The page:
Solving for Saving Pop Culture and Literary Landmarks with Danny Boy O'Connor
How do we solve for the restoration and preservation of historical pop culture and literary landmarks? We speak with Danny Boy O’Connor—artist, designer, rapper, and founding member of House of Pain—about his drive to do just that with the cultural legacy of the famed 1983 Francis Ford Coppola film, The Outsiders. Danny joins us from Tulsa, Oklahoma where he created and oversees The Outsiders House Museum as executive director.
The film is an iconic one, based on an equally iconic novel written by a fifteen-year-old girl, pen name S.E. Hinton. Think: “Stay gold, Ponyboy.” Its narrative centers on rival teen gangs, class conflict, and the mid-1960s “American outlaw as personified by the brat pack” (in Danny’s words).
Danny first saw The Outsiders in theaters upon its release when he was a teenager. For Danny, the film was a “pivotal” moment and quintessential “coming of age film,” witnessed as he himself was coming of age. It gave him something to relate to, to feel represented by, to escape into, and to help cope with the pain of adolescence in a broken home. As an adult, he honors the impact the film had upon his life through cultural preservation.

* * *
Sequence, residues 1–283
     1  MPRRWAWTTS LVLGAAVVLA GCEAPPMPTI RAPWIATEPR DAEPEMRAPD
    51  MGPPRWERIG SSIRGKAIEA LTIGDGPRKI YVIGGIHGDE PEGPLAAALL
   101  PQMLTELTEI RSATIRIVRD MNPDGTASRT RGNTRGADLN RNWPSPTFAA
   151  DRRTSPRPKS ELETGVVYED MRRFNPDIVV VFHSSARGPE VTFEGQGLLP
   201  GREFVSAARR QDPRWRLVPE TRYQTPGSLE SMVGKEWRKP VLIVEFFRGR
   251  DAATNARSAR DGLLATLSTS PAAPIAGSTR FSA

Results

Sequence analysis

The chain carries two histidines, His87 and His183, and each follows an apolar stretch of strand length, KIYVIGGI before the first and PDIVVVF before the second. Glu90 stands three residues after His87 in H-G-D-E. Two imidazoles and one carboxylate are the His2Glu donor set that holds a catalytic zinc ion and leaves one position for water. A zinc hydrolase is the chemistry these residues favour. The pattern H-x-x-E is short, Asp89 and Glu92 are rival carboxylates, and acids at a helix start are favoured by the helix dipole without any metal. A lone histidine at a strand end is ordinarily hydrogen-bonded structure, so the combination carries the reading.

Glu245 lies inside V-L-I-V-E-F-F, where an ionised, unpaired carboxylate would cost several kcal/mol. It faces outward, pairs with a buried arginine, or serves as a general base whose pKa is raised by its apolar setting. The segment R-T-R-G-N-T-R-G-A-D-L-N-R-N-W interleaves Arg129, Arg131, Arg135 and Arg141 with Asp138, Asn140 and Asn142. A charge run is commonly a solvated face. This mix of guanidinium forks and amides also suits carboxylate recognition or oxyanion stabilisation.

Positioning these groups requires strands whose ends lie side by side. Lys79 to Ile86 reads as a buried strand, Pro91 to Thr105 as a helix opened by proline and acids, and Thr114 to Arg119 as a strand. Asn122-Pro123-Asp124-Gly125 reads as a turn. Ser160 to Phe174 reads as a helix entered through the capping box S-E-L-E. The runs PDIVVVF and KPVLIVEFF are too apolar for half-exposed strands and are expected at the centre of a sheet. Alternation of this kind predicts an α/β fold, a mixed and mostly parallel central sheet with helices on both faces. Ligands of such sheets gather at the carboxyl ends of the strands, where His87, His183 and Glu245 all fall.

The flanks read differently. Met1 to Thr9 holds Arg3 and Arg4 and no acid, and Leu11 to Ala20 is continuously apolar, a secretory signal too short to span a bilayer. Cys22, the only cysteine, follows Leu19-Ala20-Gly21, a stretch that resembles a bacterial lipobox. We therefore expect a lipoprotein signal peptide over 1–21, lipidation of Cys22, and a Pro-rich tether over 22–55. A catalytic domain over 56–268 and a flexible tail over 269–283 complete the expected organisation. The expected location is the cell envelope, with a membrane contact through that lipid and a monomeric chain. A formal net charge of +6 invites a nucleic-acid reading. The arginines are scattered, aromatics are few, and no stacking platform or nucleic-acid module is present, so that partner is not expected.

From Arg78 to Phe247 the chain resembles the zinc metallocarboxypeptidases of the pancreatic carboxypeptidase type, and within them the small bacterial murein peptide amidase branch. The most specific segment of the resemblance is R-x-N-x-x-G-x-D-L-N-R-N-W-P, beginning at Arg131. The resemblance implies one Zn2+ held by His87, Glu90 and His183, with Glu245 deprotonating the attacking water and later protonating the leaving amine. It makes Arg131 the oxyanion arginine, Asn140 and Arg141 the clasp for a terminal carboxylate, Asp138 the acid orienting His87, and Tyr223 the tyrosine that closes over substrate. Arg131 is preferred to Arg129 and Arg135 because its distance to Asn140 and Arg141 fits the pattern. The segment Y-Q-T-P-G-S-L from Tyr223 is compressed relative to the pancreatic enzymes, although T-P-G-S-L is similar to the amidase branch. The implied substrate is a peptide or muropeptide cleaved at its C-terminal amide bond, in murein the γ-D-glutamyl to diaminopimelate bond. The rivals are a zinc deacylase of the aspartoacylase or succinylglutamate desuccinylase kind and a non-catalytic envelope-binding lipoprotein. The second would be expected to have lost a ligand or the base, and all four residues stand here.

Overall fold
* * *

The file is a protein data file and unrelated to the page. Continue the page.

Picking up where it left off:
What started as a coincidental trip to filming locations in Tulsa during a La Coka Nostra tour turned into a now full-time pursuit to preserve film history. When the opportunity arose to purchase the house featured in the film, Danny jumped in to express his passion for pop culture history. His solution? Starting a museum through collective effort.
The project started with completely rehabilitating the house, which had fallen into extensive disrepair. Realizing the enormity of the task, Danny reached out through online fundraising and over the course of three and a half years got the job done. And once the house was finished, it came time to fill it with film artifacts. He began with one poster, and has since amassed the largest S.E. Hinton and The Outsiders collection in the world.
Past pop cultural moments are, according to Danny, “part and parcel of the making of us.” Both Hinton herself (who turned her academic struggles into widespread literary success) and the film’s characters offered Danny and countless other eighties teens a narrative that framed the underdog as the hero, that placed emphasis on the value in found family, and that gave hope to those with unlikely backgrounds. This is what Danny seeks to appreciate and share with others through his drive to open a crowdfunded, volunteer-run museum that educates and benefits its local community and beyond.
Now, especially in the midst of the coronavirus pandemic, Danny recognizes the “warm fuzzy blanket” that nostalgic reflection and historical appreciation can offer in turbulent times. He looks forward to the day the museum can properly resume operations, but in order to do so outside support is needed to keep things rolling. To pitch in, visit the museum’s website here, where you can be included in the house itself by sponsoring a personalized engraved legacy brick.
Photo Credit Phil Clarkin